Cookies on this website
We use cookies to ensure that we give you the best experience on our website. If you click 'Continue' we'll assume that you are happy to receive all cookies and you won't see this message again. Click 'Find out more' for information on how to change your cookie settings.

There's a lot more to neuroscience than media 'neuromania' Why do some critics refuse to accept that the solution to many mysteries of the mind will be found in the brain?

Mark stokes writes in the "Notes & Theories" Section of The Guardian "Dispatches to the Science Desk", 25th Jun 2013:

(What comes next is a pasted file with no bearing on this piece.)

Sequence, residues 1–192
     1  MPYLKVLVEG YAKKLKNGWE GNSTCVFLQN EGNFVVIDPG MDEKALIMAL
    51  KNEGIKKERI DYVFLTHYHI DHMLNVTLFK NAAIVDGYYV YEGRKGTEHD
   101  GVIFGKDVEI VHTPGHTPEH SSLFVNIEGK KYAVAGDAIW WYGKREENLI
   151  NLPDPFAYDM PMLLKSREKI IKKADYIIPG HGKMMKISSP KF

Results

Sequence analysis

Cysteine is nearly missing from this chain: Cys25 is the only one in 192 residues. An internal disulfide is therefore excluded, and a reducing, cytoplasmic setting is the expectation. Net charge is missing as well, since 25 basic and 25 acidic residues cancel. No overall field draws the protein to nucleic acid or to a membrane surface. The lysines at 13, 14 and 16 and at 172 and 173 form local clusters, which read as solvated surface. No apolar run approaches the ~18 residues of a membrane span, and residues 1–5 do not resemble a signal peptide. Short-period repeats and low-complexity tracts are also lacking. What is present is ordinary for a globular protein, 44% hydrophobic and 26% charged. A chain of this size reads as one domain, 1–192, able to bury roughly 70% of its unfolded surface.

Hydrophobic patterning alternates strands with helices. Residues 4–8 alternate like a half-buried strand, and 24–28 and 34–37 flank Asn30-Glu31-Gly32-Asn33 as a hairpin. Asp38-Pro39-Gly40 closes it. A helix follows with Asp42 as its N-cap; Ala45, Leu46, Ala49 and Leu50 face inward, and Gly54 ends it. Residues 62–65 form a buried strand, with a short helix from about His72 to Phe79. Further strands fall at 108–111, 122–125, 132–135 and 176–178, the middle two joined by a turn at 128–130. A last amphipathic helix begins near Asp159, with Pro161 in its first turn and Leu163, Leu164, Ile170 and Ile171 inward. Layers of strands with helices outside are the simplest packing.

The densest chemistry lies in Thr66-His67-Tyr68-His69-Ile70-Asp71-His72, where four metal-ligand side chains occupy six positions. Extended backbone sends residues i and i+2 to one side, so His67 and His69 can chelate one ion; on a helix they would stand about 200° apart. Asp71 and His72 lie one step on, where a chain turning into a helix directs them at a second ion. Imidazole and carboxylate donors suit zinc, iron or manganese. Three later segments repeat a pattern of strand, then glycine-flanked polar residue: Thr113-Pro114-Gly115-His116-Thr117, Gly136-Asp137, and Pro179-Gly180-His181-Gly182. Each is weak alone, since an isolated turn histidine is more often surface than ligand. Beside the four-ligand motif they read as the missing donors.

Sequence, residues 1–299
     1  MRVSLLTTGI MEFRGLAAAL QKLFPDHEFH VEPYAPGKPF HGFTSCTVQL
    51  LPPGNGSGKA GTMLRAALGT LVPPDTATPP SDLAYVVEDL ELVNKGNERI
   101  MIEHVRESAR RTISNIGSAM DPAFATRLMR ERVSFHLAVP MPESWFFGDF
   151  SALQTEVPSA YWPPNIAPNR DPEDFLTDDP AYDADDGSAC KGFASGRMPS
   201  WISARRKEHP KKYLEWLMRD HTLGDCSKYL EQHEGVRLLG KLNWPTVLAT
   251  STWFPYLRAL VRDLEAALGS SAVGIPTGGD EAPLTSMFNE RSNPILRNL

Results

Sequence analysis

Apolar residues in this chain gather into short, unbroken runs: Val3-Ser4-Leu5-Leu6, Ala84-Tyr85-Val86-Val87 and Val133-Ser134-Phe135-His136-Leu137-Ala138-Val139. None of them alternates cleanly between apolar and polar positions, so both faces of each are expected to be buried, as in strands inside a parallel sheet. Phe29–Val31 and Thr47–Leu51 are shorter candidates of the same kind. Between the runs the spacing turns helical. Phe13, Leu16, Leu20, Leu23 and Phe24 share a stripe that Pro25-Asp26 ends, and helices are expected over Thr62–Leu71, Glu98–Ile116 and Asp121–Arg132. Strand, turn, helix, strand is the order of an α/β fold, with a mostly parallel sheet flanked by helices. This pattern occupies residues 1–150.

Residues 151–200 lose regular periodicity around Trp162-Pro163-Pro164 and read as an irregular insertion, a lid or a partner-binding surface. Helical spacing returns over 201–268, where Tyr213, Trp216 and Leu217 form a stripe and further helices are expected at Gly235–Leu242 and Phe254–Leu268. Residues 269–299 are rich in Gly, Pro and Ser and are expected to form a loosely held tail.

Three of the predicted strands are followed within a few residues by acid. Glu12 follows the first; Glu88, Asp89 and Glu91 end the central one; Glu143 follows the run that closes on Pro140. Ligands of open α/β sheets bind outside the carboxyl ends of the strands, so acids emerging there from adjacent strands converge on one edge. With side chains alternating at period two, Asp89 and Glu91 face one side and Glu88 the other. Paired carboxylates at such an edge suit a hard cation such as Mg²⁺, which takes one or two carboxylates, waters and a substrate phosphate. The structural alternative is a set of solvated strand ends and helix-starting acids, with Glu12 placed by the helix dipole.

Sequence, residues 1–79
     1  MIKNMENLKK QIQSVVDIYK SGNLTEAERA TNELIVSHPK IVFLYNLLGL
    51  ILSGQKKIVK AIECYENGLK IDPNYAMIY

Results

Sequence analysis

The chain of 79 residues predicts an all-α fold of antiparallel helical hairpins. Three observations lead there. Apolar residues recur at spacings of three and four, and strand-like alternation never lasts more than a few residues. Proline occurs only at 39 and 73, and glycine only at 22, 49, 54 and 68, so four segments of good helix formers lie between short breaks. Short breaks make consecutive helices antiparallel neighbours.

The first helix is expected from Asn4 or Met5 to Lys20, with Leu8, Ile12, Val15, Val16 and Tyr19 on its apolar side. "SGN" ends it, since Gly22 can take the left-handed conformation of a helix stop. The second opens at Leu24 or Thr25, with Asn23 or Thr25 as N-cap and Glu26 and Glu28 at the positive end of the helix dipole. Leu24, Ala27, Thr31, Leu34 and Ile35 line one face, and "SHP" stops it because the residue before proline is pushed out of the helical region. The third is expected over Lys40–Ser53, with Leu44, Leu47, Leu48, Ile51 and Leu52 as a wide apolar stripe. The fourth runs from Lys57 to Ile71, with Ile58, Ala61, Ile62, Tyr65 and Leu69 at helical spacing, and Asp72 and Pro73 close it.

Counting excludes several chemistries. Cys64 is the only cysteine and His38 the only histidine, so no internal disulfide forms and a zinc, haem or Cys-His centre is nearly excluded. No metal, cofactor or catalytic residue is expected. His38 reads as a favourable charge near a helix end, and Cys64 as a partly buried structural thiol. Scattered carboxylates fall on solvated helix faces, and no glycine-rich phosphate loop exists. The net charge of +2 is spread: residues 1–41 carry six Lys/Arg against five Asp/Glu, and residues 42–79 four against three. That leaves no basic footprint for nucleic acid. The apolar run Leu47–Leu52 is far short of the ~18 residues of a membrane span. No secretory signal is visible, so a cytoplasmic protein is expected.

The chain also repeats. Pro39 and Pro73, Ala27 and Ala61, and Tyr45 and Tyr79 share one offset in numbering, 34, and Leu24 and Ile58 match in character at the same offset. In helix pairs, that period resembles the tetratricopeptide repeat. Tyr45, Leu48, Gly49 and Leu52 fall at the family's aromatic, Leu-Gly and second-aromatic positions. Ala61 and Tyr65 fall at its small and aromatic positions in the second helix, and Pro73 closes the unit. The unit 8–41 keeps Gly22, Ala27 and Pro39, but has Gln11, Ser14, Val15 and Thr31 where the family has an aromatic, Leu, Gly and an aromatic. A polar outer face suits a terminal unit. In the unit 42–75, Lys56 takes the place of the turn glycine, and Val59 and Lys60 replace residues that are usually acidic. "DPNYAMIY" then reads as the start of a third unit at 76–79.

Neuroscience gets a lot of press. Popular media outlets run the latest story of a brain scan that predicts your political leanings, or which action you are about to choose, or an ex-prisoner's likely chance of reoffending.

Many of the claims are premature, oversold, and/or just plain wrong, and every now and again it's time for a backlash. Backlashes provide much needed airtime for critiques of grossly oversold neuroscientific claims, with great work done by regular bloggers such as Neuroskeptic, Neurocritic, Neurobollocks etc.

But sometimes the backlash strays from specifics to a general condemnation of the field (recent examples can be found in the Guardian and New York Times). Neuroscience is then recast as a form of mania, neuromania, with slick sales teams peddling neurohype to an ever-credulous public.

Follow Mark on Twitter @StokesNeuro


Please follow the link below to read the news on the NIHR BRC website.